Bedbugs (or bed bugs) are small, elusive, parasitic insects of the family Cimicidae that feeds preferentially on human blood. The name ‘bed bug’ is derived from the insect’s preferred habitat of infesting houses and especially beds or other common areas where people may sleep.
Largely eradicated as pests in the developed world in the early 1940s, bedbugs have been resurgent since about 1995. The cause of this resurgence is still uncertain, but it is thought to be related to increased international travel, the use of new pest-control methods that do not affect bedbugs, and increasing pesticide resistance. The resurgence led the United States Environmental Protection Agency to hold a National Bed Bug Summit in 2009.
My customer, who produces made to order mattresses, mats, and pillows had a unique problem. He thought locating his plant along a picturesque trout stream was a great idea because of its ambiance and an occasional wetting of a line during lunch time. Little did he realize that the daily hatch of mayflies that trout fishermen revel in would be his disdain in his manufacturing operations.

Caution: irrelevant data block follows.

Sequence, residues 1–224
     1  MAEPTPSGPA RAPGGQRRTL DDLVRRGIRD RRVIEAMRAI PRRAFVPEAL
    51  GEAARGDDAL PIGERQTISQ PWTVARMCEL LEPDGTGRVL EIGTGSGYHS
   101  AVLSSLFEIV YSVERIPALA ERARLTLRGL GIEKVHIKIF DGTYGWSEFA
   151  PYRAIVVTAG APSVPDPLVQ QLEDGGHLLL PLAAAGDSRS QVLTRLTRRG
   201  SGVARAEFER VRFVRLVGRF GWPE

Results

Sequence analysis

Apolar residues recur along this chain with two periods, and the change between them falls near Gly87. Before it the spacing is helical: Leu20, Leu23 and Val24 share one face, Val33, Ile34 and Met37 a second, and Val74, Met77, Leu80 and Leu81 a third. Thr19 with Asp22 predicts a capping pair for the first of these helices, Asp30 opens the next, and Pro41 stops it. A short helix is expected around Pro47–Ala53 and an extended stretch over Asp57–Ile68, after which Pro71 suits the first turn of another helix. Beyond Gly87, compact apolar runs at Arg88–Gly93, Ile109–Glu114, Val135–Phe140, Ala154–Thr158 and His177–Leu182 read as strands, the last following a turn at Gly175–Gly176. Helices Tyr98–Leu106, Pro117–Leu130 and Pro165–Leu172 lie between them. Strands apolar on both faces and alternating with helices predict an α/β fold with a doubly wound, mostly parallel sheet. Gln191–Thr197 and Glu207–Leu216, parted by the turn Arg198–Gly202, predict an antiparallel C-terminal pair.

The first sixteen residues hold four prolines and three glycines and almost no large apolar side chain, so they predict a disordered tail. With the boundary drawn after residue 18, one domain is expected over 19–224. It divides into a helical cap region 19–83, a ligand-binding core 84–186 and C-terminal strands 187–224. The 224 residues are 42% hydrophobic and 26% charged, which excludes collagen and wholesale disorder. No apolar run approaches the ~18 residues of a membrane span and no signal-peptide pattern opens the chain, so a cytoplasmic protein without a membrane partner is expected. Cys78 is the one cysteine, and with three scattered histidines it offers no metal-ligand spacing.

When mayflies land, they stay pretty much put. They do not fly away when disturbed as other insects do. Attempts to shoo them away before the product is packed in plastic over-wrap, is ineffective. Mayflies are totally harmless and only live a few hours. In practicality there is no real harm if they get wrapped up in the packaging. But, with all eyes on bedding these days, the observance of just one may fly causes his entire production lot to be quarantined.
Using two 54″ long EXAIR air knifes mounted opposing each other, the product was passed between them just before being inserted into the plastic wrap. The force of the high velocity air stream effectively blew off any critters.